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Monday, November 23, 2009

Senate looking to muscle-up on refusal to answer

The recent debate in the Senate about commercial in confidence claims as reasons for refusal to provide information in response to questions led to this Senate Finance and Public Administration Committee inquiry into a process for determining public interest immunity claims. The Committee is seeking submissions by 27 November on a proposal that in the event of a stand-off an independent arbiter shall be appointed. Where commercial confidence is claimed the arbiter is to be the Auditor-General; in other cases an independent arbitrator appointed by resolution of the Senate.
"The independent arbitrator shall, as soon as practicable, report to the Senate on whether the reasons given for withholding the documents or information are justified. Where the independent arbitrator reports that reasons given for the withholding of information or documents are not justified, the documents or information shall be produced in accordance with the order of the Senate or the requirement of the committee, subject to any further order of the Senate."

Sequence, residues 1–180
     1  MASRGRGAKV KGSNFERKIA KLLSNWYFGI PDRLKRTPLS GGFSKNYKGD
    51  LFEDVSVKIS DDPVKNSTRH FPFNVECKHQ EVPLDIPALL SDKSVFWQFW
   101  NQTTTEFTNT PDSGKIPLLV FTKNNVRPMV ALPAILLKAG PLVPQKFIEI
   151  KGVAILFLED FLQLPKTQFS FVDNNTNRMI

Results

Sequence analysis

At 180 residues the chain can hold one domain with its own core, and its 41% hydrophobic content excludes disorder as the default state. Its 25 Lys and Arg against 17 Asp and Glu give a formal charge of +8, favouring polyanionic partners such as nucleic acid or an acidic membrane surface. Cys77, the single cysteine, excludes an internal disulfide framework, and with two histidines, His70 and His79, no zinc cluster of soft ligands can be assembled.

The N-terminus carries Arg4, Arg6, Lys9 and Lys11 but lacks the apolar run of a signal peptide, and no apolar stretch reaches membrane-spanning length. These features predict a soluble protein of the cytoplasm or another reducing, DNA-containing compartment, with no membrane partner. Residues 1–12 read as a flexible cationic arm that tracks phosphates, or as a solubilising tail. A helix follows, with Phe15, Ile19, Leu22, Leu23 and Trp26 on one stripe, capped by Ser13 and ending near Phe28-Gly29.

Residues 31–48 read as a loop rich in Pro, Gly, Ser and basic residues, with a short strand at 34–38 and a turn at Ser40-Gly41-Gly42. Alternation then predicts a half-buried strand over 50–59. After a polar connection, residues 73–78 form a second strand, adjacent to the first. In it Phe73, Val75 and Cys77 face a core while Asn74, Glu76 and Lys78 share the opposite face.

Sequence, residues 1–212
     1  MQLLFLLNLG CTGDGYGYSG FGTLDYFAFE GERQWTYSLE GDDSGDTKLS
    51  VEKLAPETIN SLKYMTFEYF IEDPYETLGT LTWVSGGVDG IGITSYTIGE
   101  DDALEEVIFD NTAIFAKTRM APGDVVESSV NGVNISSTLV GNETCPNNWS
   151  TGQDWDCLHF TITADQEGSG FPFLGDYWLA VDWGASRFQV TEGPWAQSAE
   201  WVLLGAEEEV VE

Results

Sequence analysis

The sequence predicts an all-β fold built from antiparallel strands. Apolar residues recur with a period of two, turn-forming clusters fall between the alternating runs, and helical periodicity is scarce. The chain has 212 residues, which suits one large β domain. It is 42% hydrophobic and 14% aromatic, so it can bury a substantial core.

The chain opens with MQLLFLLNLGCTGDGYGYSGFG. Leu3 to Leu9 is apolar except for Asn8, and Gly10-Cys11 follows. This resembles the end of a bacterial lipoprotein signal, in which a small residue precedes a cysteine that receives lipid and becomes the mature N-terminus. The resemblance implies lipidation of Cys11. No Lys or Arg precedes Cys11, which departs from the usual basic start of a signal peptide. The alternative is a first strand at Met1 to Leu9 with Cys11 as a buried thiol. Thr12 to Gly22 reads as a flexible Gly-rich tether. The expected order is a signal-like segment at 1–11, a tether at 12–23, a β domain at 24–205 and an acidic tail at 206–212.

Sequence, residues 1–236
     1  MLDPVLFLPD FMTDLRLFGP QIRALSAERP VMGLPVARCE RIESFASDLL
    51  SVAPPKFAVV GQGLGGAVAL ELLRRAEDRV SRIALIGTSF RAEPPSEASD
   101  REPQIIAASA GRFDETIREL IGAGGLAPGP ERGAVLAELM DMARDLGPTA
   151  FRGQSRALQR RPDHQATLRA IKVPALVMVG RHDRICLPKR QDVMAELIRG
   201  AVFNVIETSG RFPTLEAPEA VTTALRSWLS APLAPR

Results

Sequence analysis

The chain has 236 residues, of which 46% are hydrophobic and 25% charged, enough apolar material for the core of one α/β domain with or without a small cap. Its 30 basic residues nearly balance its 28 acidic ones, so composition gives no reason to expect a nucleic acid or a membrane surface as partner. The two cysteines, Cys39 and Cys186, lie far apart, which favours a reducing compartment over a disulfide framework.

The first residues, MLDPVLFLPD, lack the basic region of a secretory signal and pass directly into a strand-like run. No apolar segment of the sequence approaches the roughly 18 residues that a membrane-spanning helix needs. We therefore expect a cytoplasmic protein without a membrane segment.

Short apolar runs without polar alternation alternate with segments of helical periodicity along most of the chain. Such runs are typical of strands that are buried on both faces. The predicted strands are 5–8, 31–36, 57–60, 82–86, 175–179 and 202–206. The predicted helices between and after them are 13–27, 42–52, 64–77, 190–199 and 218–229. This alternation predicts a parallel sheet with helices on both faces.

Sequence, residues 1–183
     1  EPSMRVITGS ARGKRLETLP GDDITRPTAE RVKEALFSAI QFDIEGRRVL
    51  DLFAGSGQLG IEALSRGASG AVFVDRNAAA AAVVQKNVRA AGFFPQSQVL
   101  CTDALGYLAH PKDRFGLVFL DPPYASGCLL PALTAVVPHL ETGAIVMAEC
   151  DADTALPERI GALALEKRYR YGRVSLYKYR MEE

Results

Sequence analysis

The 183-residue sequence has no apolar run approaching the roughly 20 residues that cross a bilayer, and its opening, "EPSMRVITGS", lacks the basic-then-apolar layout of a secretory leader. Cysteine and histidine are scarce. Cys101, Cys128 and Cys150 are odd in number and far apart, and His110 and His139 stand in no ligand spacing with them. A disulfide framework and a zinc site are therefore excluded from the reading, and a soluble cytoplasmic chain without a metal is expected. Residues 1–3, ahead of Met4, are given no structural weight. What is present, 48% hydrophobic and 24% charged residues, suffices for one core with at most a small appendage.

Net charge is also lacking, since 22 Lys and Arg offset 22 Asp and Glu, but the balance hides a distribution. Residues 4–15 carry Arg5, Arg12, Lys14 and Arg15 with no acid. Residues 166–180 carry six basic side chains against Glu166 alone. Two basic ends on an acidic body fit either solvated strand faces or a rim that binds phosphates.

While welcome a pity that this further step in enforcing accountability to the parliament comes just as Clerk of the Senate Harry Evans, a great upholder of the rights of the parliament, and a stickler for detailed reasons for any public interest immiunity claim, retires. Evans will be just another interested spectator when the Committee reports in February next year.

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